Please ensure Javascript is enabled for purposes of website accessibility

Bethesda-based Uranium giant USEC to file for Chapter 11

USEC Inc., the Bethesda-based energy company that supplies enriched uranium fuel for commercial nuclear power plants, announced Monday that it will file for Chapter 11 bankruptcy protection in the first quarter of 2014.

A 20-year-old energy and nonproliferation program under which material for Russian warheads was converted into commercial nuclear fuel ended last week when the final shipment — show here leaving St. Petersburg for the Port of Baltimore — was transshipped to Kentucky.

USEC — the acronym stands for United States Enrichment Corp. — said in a statement the decision to file in U.S. Bankruptcy Court in Delaware won’t affect operations or deliveries to customers.

The company began life 20 years ago as a government corporation within the U.S. Department of Energy to handle uranium enrichment for civilian use. It was privatized five years later in a deal worth more than $3 billion to U.S. taxpayers.

At the time, it employed about 5,000 people and had operations in 14 countries. At the end of 2012, it reported just 1,770 employees, only 88 of them at its Bethesda headquarters.

USEC has a high profile because of the work it does. It oversaw the transfer to the United States of more than 14,000 metric tons of low enriched uranium from nuclear warheads in the former Soviet Union under the Megatons to Megawatts Program, for example; the last cylinders of uranium were transshipped through the Port of Baltimore en route to its plant in Paducah, Ky., on Dec. 12.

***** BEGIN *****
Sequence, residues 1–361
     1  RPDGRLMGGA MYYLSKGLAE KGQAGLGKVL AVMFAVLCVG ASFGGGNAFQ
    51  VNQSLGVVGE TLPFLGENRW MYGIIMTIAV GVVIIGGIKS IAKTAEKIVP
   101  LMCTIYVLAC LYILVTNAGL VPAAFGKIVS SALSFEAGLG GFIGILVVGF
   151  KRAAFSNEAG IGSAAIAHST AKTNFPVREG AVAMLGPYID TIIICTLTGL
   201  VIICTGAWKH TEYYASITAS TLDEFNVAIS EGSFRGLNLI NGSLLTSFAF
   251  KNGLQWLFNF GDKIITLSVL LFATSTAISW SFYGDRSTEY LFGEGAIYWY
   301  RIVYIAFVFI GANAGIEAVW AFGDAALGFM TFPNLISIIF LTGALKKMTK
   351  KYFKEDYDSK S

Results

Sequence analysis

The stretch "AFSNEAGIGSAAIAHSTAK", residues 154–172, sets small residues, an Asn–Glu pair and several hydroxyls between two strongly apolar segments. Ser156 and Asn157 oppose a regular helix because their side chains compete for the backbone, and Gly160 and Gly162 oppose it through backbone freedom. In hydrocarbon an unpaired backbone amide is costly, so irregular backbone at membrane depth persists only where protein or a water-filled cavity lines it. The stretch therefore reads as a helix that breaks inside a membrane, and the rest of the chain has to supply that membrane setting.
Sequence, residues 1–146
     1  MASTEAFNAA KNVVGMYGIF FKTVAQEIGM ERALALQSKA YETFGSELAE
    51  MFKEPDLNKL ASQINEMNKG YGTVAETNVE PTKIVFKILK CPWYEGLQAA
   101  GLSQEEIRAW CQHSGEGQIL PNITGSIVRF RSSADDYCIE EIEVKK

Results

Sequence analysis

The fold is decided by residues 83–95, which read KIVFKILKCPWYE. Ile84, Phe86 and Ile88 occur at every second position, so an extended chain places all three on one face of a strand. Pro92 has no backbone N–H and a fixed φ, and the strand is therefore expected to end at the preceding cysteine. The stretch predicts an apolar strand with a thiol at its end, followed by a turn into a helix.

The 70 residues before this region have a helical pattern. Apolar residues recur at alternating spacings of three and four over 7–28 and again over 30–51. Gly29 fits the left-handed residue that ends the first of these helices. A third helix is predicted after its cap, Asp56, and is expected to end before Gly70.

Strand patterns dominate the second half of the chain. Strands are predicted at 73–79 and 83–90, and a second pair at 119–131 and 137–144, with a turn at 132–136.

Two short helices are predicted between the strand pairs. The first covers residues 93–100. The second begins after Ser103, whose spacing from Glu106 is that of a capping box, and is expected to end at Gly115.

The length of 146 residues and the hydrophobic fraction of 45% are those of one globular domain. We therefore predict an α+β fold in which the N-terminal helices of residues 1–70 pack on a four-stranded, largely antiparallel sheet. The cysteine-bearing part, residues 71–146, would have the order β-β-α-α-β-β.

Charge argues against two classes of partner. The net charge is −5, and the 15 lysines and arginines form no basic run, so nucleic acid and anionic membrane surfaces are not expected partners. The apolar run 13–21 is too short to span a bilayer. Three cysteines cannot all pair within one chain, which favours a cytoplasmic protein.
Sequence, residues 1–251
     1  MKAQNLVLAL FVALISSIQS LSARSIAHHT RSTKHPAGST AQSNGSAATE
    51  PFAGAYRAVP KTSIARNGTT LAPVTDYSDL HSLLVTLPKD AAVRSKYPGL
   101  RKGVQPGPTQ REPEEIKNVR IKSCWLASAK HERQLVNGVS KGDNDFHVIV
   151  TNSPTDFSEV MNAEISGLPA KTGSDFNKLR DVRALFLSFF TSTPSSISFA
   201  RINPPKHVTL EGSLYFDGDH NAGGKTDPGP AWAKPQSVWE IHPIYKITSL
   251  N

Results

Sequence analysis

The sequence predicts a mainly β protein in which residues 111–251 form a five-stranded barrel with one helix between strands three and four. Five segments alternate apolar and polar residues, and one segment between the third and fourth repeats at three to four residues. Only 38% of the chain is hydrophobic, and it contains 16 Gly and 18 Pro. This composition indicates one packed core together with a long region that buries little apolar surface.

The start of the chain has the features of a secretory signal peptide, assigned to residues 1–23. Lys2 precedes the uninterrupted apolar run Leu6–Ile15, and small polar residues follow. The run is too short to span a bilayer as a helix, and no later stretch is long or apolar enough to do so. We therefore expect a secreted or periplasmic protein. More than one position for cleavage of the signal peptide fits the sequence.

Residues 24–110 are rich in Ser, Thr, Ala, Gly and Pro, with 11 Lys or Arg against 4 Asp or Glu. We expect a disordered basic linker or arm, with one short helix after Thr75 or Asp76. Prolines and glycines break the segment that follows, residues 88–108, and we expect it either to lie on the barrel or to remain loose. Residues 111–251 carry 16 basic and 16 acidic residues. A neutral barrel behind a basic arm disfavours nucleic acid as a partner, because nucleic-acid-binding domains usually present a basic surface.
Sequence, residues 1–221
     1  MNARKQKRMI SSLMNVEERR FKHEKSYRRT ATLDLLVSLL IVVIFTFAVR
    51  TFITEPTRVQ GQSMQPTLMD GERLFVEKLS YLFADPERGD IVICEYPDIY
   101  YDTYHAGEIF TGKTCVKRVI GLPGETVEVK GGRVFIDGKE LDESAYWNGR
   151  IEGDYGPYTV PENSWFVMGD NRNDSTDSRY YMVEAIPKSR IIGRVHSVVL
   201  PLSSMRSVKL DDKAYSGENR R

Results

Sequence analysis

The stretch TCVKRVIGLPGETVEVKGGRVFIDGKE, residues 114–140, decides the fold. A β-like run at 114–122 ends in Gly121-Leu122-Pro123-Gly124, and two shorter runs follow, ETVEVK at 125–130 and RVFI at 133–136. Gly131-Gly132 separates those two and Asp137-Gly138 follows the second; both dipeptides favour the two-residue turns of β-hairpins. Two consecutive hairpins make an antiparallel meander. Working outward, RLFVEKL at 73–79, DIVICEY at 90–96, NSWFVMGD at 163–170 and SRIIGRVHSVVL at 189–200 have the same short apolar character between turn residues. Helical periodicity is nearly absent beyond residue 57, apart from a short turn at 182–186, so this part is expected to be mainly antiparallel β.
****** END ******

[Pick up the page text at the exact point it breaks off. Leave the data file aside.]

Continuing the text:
But USEC’s plans for uranium-enrichment facilities in the Midwest using gas-centrifuge technology have run into money problems. In its statement Monday, USEC said it plans to replace $530 million in convertible notes that are scheduled to mature in October 2014 with $200 million in new debt.

“We are pleased to reach agreement with a significant number of our noteholders on a plan to improve our capital structure and enhance our ability to be a stronger sponsor of the American Centrifuge project,” said John K. Welch, USEC’s president and chief executive officer, referring to a decade-long plan to develop the new technology at a plant under construction in Piketon, Ohio.

“We have said for many months that we are transitioning our business to focus on our core strengths, and today’s announcement represents another important step in that process,” Welch said.

In its most recent quarterly filing with the Securities and Exchange Commission, in November, USEC said its business was “in a state of significant transition.”

“We will be a significantly smaller company with lower revenues as we transition from having two sources of supply that provided approximately 10 to 12 million SWU (‘separative work units,’ an industry measurement that represents the effort required to transform a given amount of natural uranium into its two components, enriched and depleted) per year to making sales from our existing inventory, from future purchases of LEU from Russia at lower quantities and from other potential sources of supply,” the filing said.

“We continue to pursue commercialization of the American Centrifuge technology, which we believe is the best path to remaining a competitive producer of (low enriched uranium) in the long term. … However, current enrichment market conditions do not support a viable business plan for obtaining the capital needed for the commercialization of the American Centrifuge project.”

USEC said it finished building a commercial demonstration cascade in Piketon last spring and started preparing the plant for machine installation and the installation of new infrastructure.

USEC stock closed Monday at $3.51 on the New York Stock Exchange, off $5.30 — about 60 percent — from its Friday close. Volume was just shy of 3.8 million shares, almost six times the average daily volume for the last 90 days.